It was just a tickle Thursday night. I thought it would go away. By Saturday morning my nose had started to run, and by Saturday afternoon I was miserable. It was the invasion of the common cold.
Isn’t it strange how sickness affects every part of your daily life? I can’t breathe or smell or taste. I have no appetite and eating is a chore. So is talking, even if my voice has a Kathleen Turner edge. I’m trying to sing during choir rehearsals, but I feel bad for the people sitting next to me who have to listen. Between my clogged ears and rough voice, it must sound terrible.
My nose is literally the color of my red “Santa’s Favorite Brunette” T-shirt. My Puffs are gone, and I’ve been using A&D ointment on my nose. I’ve also been taking extra vitamins, zinc, antihistamine, decongestant, and acetaminophen, in various forms, as well as drinking tons of water and tea and juice (and visiting the restroom frequently).
Almost my entire life for the past three days has revolved around nursing this cold. Before it arrived, I didn’t think about breathing- I just did it. I ate food because I was hungry, and it tasted good. I smiled and laughed with other people without worrying about infecting them. I lived without delving into my medicine cabinet every 4 to 6 hours.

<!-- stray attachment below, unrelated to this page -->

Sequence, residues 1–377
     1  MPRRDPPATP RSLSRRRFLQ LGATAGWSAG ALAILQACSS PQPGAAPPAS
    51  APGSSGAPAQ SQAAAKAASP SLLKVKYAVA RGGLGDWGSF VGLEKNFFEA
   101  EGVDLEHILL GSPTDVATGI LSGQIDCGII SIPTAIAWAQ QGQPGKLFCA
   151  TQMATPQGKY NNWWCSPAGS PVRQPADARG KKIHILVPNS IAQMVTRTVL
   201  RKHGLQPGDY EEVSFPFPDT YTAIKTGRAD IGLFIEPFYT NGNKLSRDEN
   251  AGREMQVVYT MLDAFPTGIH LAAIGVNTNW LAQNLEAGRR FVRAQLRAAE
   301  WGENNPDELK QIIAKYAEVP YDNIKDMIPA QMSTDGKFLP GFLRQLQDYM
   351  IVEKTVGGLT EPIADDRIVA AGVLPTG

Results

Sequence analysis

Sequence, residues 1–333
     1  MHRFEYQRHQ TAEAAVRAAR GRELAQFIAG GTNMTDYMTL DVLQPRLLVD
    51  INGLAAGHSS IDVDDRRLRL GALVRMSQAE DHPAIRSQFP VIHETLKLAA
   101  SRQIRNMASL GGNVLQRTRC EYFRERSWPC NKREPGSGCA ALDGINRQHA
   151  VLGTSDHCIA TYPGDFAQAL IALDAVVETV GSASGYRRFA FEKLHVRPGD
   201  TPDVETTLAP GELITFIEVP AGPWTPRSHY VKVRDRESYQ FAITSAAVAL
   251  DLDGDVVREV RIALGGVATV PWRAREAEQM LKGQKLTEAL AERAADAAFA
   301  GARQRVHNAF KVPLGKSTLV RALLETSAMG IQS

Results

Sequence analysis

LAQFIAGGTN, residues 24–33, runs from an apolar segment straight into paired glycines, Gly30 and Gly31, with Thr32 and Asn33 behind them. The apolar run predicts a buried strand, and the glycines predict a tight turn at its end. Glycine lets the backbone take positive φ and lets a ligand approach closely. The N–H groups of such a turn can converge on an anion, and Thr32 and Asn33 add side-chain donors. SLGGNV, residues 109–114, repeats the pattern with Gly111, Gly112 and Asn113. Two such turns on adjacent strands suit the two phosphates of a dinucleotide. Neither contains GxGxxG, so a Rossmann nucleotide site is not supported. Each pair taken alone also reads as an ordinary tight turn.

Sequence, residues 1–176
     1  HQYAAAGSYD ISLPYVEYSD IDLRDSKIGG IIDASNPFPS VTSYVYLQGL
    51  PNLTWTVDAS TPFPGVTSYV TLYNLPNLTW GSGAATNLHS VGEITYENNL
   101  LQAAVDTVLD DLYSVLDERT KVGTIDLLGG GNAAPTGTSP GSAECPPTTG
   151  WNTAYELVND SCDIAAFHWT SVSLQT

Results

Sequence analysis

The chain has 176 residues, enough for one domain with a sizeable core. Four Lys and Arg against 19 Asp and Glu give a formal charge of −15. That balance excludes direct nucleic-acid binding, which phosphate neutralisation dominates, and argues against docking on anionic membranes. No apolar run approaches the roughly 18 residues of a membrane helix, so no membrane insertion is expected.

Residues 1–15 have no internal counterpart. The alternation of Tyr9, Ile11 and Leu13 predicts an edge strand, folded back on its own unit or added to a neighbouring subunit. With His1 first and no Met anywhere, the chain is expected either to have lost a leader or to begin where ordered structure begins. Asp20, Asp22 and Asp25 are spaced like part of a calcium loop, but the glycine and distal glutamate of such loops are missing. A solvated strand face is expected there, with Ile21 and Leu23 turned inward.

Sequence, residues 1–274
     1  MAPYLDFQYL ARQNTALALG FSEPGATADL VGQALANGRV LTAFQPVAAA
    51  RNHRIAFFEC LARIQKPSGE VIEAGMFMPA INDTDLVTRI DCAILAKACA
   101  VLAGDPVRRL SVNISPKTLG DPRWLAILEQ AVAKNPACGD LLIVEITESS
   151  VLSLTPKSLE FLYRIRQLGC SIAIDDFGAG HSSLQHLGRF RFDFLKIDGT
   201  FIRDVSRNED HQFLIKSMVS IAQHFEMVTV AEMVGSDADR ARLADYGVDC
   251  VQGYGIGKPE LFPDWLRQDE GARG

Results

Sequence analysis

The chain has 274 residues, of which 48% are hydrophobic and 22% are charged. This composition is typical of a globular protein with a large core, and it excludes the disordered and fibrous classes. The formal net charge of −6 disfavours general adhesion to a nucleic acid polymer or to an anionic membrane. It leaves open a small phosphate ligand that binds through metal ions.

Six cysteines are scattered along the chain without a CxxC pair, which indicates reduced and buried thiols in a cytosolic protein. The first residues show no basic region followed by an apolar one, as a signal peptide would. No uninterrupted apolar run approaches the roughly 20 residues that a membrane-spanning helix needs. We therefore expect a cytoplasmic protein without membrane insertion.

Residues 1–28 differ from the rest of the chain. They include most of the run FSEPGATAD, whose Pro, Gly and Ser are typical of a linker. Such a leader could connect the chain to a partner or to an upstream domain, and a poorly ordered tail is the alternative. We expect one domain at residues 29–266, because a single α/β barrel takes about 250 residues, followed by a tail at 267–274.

I didn’t appreciate the ability to live a “normal” life until I lost the everyday abilities we take for granted. Now I look forward to breathing through my nose and having a clear head. I look forward to waking from a good night’s sleep without reaching for a tissue. I look forward to engaging in life again.
Sometimes when we lose things we used to take for granted, we don’t get them back. I’m planning on attending a visitation tomorrow for my friend’s dad. I hope his friends and family appreciated him during his lifetime. The hardest thing to do is try to tell someone “I love you” or “Thank you” after they’re no longer on this earth.
Tell someone you appreciate him or her today. Show gratitude for the things you have, the abilities you possess, and the people in your life. In the words of Chicago, “You don't know what ya got until it's gone.”